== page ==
Even as the final whistle sounded rumors were circulating that West Ham and Swansea could be facing the wrath of UEFA after a truly remarkable match at the Liberty stadium. In the face of ever growing allegations of match fixing, the latest scourge in world football involves claims that modern clubs have simply run out of ideas for new matches and are increasingly resorting to ‘copying’old games from the past!
In this respect, the ‘battle’ between the Hammers and Swans played out as a stalemate like a routine encounter from the bad old days of Italian football when spectators regularly lost days and even weeks in Rip Van Winkel type snoozefests while hapless ground staff tried to reawaken comatose fans. Allardici has spoken, but his Italian style is dull and unimaginitive.
|Not everything Italian is totally desirable
Otherwise, yesterday’s game provided further evidence that, rather than providing some new world-beating tactical solution, the headless 1-3-8-0 formation is mostly thoughtless as well. With the occasional flukey exception (Spurs!), the formation provides zero penetration of the opposition’s defence and serves mainly to clutter midfield and thus reduce the game to a series of set pieces with virtually no free-flowing football in between. In rugger, the analogy is of ‘quick’ ball where if possession isn’t recycled rapidly then the opposition can regroup and suffocate all movement. In that sense, the Hammers play like an old style rugger team who simply ruck and ruck without any spreading of the ball into open spaces. With such tactics, it makes little difference whether the ball is circular or oval.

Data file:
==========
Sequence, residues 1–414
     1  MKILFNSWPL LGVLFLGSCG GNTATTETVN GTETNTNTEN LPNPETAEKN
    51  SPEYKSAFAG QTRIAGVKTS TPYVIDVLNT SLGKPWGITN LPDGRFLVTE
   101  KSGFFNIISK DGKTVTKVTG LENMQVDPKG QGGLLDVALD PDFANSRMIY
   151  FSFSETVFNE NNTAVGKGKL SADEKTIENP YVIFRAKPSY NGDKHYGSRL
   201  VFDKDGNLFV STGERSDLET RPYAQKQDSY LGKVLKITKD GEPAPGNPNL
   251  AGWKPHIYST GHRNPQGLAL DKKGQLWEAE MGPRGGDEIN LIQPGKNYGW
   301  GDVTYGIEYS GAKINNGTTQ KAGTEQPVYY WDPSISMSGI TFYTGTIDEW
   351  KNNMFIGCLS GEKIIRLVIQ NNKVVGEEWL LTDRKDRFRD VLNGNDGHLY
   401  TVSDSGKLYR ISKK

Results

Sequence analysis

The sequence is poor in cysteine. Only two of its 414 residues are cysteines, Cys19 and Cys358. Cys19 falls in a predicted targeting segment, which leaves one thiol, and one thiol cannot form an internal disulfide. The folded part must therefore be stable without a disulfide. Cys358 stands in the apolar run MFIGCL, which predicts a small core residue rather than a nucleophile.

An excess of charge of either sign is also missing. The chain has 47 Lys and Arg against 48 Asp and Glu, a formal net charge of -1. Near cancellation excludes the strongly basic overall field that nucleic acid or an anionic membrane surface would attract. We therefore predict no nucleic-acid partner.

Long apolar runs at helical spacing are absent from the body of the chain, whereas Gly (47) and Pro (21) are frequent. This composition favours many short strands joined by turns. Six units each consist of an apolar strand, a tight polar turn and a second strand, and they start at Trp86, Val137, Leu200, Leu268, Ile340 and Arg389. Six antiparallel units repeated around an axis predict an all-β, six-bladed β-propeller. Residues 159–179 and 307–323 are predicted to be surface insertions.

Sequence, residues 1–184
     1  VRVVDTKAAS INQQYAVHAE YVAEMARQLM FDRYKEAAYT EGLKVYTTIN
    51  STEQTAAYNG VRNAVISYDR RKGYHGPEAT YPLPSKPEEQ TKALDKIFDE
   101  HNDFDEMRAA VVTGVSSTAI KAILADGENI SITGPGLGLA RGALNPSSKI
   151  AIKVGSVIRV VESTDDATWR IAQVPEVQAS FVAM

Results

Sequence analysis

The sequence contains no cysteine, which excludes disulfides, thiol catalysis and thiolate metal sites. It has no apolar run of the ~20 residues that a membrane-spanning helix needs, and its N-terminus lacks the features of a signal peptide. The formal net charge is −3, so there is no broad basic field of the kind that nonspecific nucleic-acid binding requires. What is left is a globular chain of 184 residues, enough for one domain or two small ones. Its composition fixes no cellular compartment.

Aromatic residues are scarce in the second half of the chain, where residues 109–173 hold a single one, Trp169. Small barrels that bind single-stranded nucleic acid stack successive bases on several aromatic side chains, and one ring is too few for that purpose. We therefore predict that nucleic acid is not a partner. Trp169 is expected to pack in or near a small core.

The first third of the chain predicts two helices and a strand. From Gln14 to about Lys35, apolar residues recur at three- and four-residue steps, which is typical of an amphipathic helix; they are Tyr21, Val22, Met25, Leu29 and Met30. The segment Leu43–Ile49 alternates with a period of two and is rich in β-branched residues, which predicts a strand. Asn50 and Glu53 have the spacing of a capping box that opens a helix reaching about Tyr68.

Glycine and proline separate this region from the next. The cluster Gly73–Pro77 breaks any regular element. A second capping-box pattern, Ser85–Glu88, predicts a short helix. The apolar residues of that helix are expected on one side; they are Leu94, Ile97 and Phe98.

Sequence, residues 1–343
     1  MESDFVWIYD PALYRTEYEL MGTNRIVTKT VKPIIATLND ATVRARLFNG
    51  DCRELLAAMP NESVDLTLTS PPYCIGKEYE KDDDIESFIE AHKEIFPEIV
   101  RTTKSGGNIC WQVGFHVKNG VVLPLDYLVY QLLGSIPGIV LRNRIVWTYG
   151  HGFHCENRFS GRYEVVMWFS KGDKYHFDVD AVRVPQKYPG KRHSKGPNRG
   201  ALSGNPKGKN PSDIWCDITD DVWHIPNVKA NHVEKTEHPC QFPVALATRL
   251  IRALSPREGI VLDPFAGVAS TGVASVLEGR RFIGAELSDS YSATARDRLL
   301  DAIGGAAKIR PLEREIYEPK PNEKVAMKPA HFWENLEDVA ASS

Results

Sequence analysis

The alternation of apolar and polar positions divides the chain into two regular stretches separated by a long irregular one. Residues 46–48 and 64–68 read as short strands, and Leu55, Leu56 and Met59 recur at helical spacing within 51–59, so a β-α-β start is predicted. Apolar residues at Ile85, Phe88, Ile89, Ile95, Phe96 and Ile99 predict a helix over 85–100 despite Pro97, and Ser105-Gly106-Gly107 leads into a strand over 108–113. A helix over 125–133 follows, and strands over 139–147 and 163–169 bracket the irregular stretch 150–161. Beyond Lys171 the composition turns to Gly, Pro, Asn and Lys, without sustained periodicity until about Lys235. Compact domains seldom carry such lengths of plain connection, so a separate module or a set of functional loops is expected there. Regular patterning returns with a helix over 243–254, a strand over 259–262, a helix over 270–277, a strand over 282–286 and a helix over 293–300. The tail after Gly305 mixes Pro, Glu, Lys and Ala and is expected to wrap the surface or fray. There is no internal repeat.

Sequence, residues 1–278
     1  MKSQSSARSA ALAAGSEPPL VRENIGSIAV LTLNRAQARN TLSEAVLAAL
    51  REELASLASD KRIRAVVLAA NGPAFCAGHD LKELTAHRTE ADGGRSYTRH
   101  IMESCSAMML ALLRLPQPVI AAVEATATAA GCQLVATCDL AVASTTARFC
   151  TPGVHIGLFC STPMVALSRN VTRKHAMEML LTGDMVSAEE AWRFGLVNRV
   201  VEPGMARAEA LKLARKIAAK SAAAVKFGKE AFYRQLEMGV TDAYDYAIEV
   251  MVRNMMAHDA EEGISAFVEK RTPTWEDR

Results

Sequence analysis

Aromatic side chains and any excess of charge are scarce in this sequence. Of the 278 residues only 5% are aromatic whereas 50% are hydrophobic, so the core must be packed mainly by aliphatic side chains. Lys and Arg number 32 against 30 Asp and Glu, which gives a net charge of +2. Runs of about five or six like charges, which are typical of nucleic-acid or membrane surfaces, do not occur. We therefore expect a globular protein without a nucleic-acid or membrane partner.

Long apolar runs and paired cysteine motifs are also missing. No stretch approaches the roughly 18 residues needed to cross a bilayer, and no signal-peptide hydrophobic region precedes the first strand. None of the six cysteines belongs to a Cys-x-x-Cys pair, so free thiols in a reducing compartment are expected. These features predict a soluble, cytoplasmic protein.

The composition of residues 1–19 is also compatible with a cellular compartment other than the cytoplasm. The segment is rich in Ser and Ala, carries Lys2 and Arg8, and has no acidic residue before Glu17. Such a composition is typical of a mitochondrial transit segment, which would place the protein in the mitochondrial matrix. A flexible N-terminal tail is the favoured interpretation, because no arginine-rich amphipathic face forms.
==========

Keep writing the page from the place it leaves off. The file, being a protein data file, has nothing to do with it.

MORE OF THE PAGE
As for individual performances, there were few to write home about. The defence were solid. Tomkins and Rat in particular had excellent games and both look match sharp. Reid was his usual calm and assured self. Guy Demel seems hell bent on getting his first goal for the Hammers and found a number of good positions but squandered each opportunity. Downing looked good in the first half and the excitement that his whipped crosses bring really contrasts with the gently floated efforts of Matt Jarvis that inevitably end up in the keeper’s hands most of the time. Perhaps Mr Downing might give young Matty a few training ground lessons.
However. It’s a true measure of how ‘well’ we are playing that once again Jussi Jaaskelainen was our stand out player.